When the Protocol came into effect on 1 January 2015, the adhering parties were limited to 18 major global banks and their affiliates (plus a couple of additional adherents, which came as something of a surprise to ISDA). The regulators (and ISDA) are cognisant that it is not realistic to expect non-SIFIs to adhere voluntarily. To address this, during 2015 regulators intend to develop regulations in the FSB jurisdictions to support adherence. The regulations are not expected to mandate adherence to the Protocol; rather they will require some form of temporary stay on termination rights, and ISDA expects many market participants to use the Protocol as a convenient tool for compliance. Further, regulators are not expected to impose the stays directly on non-SIFIs (not least because not every non-SIFI firm is regulated): the regulations are more likely to be framed so as to limit the SIFIs to trading only with counterparties who have accepted a stay.  

In the context of the Protocol, there are various issues to consider for non-SIFIs. For example:

  1. Regulators (including in the UK) have said that they expect the regulations supporting adherence by non-SIFIs to apply prospectively only. This opens up the possibility that parties could choose to "split" their ISDA relationships with SIFIs – effectively closing off the existing ISDA Master Agreement to new trades and creating a new ISDA Master Agreement for future trades, with only the latter affected by the Protocol. However, this would of course split the netting set and therefore parties need to consider (perhaps on a case-by-case basis) whether preservation of the netting set is more important than accepting temporary stays in relation to existing trades.
  2. The Protocol, as currently drafted, takes an "all or nothing" approach. Once a party has adhered, it will be bound by the stays in all SRRs which fulfil the criteria in the Protocol. Conversely, the regulations which effectively require the buy-side to accept stays will be introduced on a jurisdiction-by-jurisdiction basis. Therefore in practice, adherence to the Protocol as a means of complying with regulations in one jurisdiction is likely to precede any regulations in other jurisdictions.
  3. Consideration should be given to whether full title transfer of collateral (i.e. under the English law Credit Support Annex) is appropriate in a post-Protocol arrangement. If trading with an entity which is not a SIFI, but which is in the same group as a SIFI, it might be worth considering whether collateral should be segregated if the SIFI enters resolution and cross-default rights are subject to a temporary stay.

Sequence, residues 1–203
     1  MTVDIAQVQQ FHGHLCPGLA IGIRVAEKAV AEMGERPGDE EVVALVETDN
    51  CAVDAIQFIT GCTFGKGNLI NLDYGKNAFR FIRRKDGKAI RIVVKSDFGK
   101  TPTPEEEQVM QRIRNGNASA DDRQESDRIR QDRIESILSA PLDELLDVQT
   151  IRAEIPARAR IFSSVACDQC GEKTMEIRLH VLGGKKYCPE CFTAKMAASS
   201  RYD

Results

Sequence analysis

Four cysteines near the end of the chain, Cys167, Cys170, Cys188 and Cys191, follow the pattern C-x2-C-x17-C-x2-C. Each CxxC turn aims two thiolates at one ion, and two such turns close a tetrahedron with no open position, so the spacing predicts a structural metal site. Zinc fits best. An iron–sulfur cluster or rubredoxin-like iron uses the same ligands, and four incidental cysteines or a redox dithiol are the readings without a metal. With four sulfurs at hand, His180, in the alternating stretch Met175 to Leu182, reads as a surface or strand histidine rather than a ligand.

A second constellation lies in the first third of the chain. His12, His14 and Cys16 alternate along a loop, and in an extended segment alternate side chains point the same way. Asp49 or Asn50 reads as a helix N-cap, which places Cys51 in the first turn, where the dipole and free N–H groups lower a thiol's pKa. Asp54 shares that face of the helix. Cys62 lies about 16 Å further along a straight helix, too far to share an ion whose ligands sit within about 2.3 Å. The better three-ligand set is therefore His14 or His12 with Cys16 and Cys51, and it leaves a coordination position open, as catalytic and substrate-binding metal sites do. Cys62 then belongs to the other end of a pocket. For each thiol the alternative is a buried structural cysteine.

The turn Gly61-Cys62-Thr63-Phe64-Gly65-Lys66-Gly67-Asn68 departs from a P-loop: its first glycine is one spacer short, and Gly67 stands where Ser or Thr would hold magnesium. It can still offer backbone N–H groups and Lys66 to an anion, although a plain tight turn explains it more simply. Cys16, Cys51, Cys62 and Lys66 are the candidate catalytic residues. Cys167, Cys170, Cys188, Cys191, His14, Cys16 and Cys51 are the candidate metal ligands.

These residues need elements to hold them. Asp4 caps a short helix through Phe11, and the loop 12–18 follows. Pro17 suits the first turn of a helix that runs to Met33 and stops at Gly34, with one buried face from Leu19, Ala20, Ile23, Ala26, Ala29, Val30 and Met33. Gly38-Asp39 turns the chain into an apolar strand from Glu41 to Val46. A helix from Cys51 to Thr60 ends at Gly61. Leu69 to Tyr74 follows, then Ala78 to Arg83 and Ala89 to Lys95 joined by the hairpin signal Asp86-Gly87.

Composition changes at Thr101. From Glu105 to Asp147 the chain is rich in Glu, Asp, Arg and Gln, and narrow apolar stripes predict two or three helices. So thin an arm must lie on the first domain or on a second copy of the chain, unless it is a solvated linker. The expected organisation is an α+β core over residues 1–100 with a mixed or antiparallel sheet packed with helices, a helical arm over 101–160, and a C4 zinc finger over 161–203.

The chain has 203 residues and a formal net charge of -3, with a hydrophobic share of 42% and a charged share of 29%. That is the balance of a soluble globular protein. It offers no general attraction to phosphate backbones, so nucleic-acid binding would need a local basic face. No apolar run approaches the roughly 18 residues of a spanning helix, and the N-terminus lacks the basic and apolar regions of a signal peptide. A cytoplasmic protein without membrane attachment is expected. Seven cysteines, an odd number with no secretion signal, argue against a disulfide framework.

4. Investment managers are in a particularly difficult position, as voluntarily relinquishing market-standard rights against counterparties on behalf of clients could arguably expose the managers to actions for negligence or breach of duty.

The Protocol currently only covers ISDA Master Agreements entered into between adhering parties. However, there is an expectation that the regulators will ask for equivalent stay provisions to be incorporated into master agreements governing repo and stock lending transactions (primarily, in the UK market, the GMRA and GMSLA respectively). This requirement may be implemented through an expansion of the scope of the Protocol or through the development of separate solutions in respect of the repo and stock lending markets. Industry bodies in those markets are currently considering the issue and further information is expected in the coming weeks.

It is of course arguable that, with or without the Protocol, a 48 hour stay is an insufficient period to implement a strategy that will calm the markets in the event of a major player being subjected to resolution. However, SRRs and the Protocol are undoubtedly important weapons in the battle against "too big to fail".


1 Financial Stability Board, "Key Attributes of Effective Resolution Regimes for Financial Institutions", October 2011

2 Argentina, Australia, Brazil, Canada, China, Hong Kong, India, Indonesia, Italy, Mexico, Netherlands, Republic of Korea, Russia, Saudi Arabia, Singapore, South Africa, Spain and Turkey

The content of this article is intended to provide a general guide to the subject matter. Specialist advice should be sought about your specific circumstances.